Weekly Reflection

As part of my work as Manager, Campus Ministry for the University of Notre Dame Australia I write a weekly refection on the coming Sunday's Gospel and email it to all staff and students of the Fremantle Campus. This then is the weekly blog of those reflections, based on the Gospel readings for Sundays, as per the lectionary of the Roman Missal of Paul VI. Should these reflections find any readership whatsoever, I hope that it is edifying.
The title of my blog is taken from the English translation of Cardinal John Henry Newman's memorial epitaph, which was inscribed on his memorial plaque at the Birmingham Oratory.

Ex umbris et imaginibus in veritatem - Through Shadows and Images to Truth

Monday, October 12, 2015

11 October 2015 - 28th Sunday of Ordinary Time

Gospel Mk 10:17-30
 “With man this is impossible, but not with God; all things are possible with God.”

The story recounted in today’s Gospel reading is one that we are no doubt familiar with. Here the rich young man, a good bloke by the sounds of it, approaches Jesus asking ‘What must I do to inherit eternal life?’
Something deep within him seems to drive him to want go beyond a merely moralistic adherence to the law. Here he encounters Christ and is drawn to something more. As Pope John Paul II observed, ‘For the young man, the question is not so much about rules to be followed, but about the full meaning of life.(JPII, Veritatis Splendor, 7).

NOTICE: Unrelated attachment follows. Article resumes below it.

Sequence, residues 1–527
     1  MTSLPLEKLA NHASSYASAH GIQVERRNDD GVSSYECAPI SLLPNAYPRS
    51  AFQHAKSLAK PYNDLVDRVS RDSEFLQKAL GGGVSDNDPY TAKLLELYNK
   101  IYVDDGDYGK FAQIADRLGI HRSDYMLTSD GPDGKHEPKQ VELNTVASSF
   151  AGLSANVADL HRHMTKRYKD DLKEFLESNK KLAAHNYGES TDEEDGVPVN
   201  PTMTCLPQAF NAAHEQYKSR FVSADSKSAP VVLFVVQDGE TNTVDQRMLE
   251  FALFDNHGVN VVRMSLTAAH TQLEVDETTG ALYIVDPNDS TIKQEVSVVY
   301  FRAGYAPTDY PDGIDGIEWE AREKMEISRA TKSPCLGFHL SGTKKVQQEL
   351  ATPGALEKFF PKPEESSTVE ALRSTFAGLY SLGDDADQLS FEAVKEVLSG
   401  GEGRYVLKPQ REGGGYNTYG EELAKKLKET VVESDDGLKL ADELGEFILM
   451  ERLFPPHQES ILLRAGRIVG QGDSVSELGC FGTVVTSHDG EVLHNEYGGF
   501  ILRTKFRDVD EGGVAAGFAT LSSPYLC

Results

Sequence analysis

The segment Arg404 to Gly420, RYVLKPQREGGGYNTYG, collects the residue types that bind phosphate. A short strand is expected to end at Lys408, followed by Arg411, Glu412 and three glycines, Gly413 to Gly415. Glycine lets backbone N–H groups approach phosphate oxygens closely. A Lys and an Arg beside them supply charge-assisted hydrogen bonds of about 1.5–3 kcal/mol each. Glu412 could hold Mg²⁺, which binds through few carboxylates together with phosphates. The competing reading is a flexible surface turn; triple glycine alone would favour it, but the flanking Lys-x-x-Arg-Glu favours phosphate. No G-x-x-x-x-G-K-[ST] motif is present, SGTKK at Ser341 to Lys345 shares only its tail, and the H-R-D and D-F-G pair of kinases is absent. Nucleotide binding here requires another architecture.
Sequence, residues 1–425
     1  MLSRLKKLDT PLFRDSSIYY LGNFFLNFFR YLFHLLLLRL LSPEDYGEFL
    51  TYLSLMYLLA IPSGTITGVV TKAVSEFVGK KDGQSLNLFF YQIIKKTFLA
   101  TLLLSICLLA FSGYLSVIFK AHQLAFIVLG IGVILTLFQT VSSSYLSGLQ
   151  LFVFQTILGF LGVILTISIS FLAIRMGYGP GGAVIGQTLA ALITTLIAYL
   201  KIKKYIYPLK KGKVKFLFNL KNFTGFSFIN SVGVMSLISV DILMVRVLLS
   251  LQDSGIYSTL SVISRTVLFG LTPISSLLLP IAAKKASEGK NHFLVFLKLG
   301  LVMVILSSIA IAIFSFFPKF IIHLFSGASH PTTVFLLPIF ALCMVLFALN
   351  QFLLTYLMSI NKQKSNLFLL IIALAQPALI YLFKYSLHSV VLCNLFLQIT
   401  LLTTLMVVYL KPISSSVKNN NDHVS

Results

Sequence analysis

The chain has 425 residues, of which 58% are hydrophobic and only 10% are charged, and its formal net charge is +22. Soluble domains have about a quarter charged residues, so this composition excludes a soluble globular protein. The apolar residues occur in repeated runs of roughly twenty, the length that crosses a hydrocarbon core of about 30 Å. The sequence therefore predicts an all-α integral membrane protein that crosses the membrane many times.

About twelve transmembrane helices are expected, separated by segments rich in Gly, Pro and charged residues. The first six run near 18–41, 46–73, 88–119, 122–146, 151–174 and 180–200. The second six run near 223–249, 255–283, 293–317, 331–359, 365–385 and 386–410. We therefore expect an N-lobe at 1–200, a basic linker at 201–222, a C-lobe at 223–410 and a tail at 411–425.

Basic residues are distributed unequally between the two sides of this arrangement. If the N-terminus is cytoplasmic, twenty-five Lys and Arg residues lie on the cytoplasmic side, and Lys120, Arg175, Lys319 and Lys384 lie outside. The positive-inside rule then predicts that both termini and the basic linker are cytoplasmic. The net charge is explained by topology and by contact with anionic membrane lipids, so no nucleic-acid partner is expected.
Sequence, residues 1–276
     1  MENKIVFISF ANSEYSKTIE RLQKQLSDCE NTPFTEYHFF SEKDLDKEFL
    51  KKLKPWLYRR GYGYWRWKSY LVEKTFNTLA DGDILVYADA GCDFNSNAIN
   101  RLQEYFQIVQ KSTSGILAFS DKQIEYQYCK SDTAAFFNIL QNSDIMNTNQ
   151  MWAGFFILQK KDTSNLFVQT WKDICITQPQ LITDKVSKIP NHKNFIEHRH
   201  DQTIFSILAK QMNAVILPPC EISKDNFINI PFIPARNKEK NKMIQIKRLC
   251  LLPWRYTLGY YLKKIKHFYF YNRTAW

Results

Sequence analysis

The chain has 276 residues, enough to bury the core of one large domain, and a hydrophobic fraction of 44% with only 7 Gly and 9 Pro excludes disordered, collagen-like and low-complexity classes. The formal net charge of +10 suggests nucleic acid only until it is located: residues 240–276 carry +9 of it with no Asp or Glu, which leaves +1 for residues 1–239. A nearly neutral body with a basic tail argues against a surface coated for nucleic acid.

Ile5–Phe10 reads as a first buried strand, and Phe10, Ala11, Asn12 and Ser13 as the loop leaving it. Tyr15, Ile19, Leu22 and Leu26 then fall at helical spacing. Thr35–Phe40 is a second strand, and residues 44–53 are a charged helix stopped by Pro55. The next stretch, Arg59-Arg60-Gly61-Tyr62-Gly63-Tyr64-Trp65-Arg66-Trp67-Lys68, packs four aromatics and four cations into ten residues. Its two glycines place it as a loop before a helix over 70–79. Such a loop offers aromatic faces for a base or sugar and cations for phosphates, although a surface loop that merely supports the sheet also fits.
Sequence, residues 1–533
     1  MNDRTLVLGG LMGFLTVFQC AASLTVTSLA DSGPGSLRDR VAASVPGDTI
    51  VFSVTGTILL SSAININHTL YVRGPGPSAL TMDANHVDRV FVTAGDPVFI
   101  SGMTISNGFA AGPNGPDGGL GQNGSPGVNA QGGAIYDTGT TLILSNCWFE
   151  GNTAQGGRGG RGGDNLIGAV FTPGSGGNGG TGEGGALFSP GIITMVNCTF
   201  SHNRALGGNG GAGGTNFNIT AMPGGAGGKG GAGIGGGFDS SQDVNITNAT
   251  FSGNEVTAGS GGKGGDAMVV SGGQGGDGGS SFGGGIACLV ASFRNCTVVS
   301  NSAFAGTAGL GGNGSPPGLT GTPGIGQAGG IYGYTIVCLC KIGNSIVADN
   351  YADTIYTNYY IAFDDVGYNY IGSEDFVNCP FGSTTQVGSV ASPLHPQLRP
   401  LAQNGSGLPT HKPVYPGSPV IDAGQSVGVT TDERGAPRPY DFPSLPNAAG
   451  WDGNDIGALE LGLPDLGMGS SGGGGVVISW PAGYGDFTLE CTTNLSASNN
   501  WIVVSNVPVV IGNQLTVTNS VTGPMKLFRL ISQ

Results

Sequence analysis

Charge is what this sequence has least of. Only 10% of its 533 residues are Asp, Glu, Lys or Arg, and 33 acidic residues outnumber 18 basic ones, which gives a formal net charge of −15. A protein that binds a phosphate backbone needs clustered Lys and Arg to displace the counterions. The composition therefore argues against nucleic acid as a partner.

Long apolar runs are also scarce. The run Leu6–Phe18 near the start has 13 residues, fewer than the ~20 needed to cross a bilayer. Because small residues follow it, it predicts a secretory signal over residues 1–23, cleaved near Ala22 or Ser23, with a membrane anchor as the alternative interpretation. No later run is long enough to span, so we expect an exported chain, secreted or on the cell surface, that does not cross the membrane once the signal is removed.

While he rightly intuits that the eternal destiny of man is connected to the moral life – the rich young man is conscious that there must be something more that corresponds to the deepest desires of his heart. And so he approaches Jesus, the One who had begun his preaching with this new and decisive proclamation about the time being fulfilled, and the Kingdom of God being now at hand (Cf. Mk 1:15).
Jesus’ call to ‘sell everything you have and give to the poor,’ and, ‘follow me’ is a real challenge to this man, not because he is living an objectively bad life, but because his relative wealth affords him a comfort that he does not want to risk.
For many of us today, the comfort which our relative wealth affords us often prevents us from allowing ourselves to be vulnerable enough to experience true love - to risk all in our efforts to follow Christ.
The rich man goes away sad, and his is a sadness we might share in lest we take up the invitation to boldly risk all on account of love.
As John Paul II elsewhere reflects on the challenging words of Christ, ‘[a]re we to fear the severity of these words, or rather have confidence in their salvific content, in their power?’ (JPII 8 Oct 1980).
Let us pray for the grace to risk all on account of love.

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